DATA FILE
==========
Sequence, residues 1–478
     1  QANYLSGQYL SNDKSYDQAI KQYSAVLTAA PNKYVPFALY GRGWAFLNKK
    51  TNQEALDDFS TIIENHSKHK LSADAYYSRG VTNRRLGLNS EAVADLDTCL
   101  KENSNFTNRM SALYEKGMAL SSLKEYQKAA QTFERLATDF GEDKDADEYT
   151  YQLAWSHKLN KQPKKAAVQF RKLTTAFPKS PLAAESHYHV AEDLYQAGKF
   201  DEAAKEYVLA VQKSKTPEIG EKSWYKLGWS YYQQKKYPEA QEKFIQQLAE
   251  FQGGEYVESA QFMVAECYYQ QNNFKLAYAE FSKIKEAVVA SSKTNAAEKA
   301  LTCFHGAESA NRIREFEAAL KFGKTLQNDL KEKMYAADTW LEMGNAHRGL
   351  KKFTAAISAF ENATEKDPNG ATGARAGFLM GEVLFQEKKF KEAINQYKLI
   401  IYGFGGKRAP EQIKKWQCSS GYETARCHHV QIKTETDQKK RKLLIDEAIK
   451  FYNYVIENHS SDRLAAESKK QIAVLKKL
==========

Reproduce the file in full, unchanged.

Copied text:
Sequence, residues 1–478
     1  QANYLSGQYL SNDKSYDQAI KQYSAVLTAA PNKYVPFALY GRGWAFLNKK
    51  TNQEALDDFS TIIENHSKHK LSADAYYSRG VTNRRLGLNS EAVADLDTCL
   101  KENSNFTNRM SALYEKGMAL SSLKEYQKAA QTFERLATDF GEDKDADEYT
   151  YQLAWSHKLN KQPKKAAVQF RKLTTAFPKS PLAAESHYHV AEDLYQAGKF
   201  DEAAKEYVLA VQKSKTPEIG EKSWYKLGWS YYQQKKYPEA QEKFIQQLAE
   251  FQGGEYVESA QFMVAECYYQ QNNFKLAYAE FSKIKEAVVA SSKTNAAEKA
   301  LTCFHGAESA NRIREFEAAL KFGKTLQNDL KEKMYAADTW LEMGNAHRGL
   351  KKFTAAISAF ENATEKDPNG ATGARAGFLM GEVLFQEKKF KEAINQYKLI
   401  IYGFGGKRAP EQIKKWQCSS GYETARCHHV QIKTETDQKK RKLLIDEAIK
   451  FYNYVIENHS SDRLAAESKK QIAVLKKL